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- Main article: Cleopatra VII
- Main article: Ptolemy Auletes
BereniceBerenice IV (77? B.C. – 55 B.C.) is Cleopatra VII's favorite sister. She was afraid to step out of the palace and walk among peasants, unlike Cleopatra. Berenice was depicted as beautiful, yet foolish and easily influenced. After Tryphaena's death, Berenice crowned herself queen. Berenice, following Egyptian law, married, but had him strangled after three days. Her father reclaimed the throne in 55 B.C. and had Berenice beheaded.
CiceroMarcus Tullius Cicero (106 B.C. – 43 B.C.) was a Roman orator, philosopher, and lawyer. Cleopatra VII met Cicero at Tullus Atticus's house, where they struck up a friendship. Cleopatra went several times to watch Cicero present a case at the Senate. Cicero later pleaded a case against helping King Auletes and Cleopatra, which forced them to say in Rome another year. Some months later, Cleopatra reproached Cicero for what he said, leading him to drop his complaints against Auletes. He disliked Marc Antony, as well as the members of the First Triumvirate, Julius Caesar, Pompey, and Crassus. In 43 B.C., Cicero was assassinated on Marc Antony's orders.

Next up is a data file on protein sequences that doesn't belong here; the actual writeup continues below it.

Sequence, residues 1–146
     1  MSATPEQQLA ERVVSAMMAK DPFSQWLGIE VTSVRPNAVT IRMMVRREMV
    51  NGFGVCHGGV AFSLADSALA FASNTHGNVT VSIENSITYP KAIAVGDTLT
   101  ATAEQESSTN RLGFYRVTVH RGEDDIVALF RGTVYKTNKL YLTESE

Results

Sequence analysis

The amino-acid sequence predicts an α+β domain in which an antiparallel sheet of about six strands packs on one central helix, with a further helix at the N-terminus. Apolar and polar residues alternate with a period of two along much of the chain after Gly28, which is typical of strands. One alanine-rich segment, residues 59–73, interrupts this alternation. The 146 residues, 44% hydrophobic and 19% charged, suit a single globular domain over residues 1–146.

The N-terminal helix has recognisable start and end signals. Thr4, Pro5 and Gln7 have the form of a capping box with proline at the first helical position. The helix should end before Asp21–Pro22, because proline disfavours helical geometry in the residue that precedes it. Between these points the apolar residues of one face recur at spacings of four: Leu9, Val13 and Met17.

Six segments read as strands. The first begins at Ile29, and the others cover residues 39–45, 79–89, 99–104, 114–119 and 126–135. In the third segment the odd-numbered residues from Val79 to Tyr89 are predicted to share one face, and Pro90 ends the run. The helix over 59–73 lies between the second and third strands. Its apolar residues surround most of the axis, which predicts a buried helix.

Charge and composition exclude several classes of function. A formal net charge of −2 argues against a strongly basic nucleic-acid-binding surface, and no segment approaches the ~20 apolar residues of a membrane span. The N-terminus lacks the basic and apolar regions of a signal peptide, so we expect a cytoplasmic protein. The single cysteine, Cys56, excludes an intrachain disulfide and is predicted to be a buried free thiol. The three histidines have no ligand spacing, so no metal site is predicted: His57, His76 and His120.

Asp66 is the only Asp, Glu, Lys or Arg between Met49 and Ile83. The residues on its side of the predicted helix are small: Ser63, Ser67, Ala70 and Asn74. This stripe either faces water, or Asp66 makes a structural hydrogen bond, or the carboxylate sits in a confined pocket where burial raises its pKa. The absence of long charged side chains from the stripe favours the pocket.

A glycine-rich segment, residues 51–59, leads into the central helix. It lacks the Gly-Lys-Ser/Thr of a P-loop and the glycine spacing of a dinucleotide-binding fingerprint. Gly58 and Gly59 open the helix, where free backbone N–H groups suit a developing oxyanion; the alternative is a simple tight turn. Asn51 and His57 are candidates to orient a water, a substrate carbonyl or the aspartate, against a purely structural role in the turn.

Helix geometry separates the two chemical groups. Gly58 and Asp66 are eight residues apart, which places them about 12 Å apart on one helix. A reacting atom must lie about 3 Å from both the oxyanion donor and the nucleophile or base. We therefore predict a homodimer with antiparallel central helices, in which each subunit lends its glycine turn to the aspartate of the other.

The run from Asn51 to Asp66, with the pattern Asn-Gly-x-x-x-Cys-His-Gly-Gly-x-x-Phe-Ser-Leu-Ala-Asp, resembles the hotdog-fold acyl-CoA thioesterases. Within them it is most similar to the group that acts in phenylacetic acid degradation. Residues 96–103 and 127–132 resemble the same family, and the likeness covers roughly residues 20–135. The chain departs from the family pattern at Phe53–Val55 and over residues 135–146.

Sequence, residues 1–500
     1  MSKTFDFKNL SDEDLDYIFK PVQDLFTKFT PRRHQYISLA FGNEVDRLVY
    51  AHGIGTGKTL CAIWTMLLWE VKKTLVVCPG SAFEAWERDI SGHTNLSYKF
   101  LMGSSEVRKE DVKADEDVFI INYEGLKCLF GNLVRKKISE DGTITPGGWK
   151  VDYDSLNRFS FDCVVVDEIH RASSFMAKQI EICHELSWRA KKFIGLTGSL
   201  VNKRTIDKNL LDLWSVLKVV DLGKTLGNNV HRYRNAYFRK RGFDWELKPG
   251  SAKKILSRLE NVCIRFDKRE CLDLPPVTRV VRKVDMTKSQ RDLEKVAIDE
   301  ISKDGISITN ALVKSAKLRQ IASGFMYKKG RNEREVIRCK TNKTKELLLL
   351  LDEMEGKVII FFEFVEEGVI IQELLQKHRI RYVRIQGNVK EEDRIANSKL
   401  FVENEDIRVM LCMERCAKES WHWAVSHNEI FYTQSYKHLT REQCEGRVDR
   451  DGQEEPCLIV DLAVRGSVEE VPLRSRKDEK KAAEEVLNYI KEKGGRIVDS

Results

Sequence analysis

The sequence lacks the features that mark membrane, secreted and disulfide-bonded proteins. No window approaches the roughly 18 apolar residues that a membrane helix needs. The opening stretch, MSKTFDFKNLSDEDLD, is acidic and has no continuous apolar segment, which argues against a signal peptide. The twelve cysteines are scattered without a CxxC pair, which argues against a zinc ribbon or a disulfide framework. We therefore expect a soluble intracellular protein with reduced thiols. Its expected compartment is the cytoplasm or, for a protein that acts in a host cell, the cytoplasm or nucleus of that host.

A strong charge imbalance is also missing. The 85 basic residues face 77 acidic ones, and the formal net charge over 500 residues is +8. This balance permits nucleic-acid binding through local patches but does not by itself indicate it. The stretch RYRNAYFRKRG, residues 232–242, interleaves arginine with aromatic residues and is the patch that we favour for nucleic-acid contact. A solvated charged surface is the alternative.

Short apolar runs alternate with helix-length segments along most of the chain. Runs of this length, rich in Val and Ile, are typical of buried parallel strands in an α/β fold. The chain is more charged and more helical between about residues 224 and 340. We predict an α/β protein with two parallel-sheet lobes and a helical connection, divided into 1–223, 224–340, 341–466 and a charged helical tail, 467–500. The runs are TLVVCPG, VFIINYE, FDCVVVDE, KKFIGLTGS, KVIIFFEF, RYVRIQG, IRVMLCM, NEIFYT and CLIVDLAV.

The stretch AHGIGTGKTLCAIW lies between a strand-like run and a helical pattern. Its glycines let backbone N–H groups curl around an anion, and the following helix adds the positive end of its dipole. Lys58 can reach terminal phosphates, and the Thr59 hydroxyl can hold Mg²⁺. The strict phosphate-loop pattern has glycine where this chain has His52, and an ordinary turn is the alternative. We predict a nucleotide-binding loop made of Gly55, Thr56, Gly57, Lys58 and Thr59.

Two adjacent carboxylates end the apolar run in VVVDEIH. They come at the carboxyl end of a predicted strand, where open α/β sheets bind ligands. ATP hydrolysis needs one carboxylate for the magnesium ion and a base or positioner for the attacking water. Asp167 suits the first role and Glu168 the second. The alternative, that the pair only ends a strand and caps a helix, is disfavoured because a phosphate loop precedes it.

Julia (? B.C. – 54 B.C.) was Julius Caesar's daughter and Pompey's wife. In Rome, she befriended Cleopatra and brought her to the theater. They spent much of the summer of 57 B.C. together near Herculaneum as well as the following summer though Julia stayed in Pompeii instead. Julia and Cleopatra continued to spend time together, until Cleopatra's departure in the spring of 55 B.C.
Marc AntonyMarc Antony (82 B.C. – 30 B.C.) was a Roman general and politician. Marc met Cleopatra at twenty-six while working as the chief cavalry officer. He annoyed her at first, though eventually she found herself attracted to him. He kissed Cleopatra, before leaving to march the foot soldiers through Judea to Alexandria. Marc reconnected with Cleopatra years later, fell in love, and, according to some records, married. They had three children, Alexander Helios, Cleopatra Selene, and Ptolemy Philadelphus. In 30 B.C., Marc Antony committed suicide, after a huge loss against Octavian.
NevaNeva (born c. 72 B.C.) was Cleopatra VII's servant and confidante, who accompanied her day and night. Neva was descended from the servants of Ptolemy I. Like Cleopatra, she also was pure Macedonian Greek with light skin and blue eyes. Neva accompanied Cleopatra to Rome. Neva married Puzo, whom she had fallen in love with at first sight.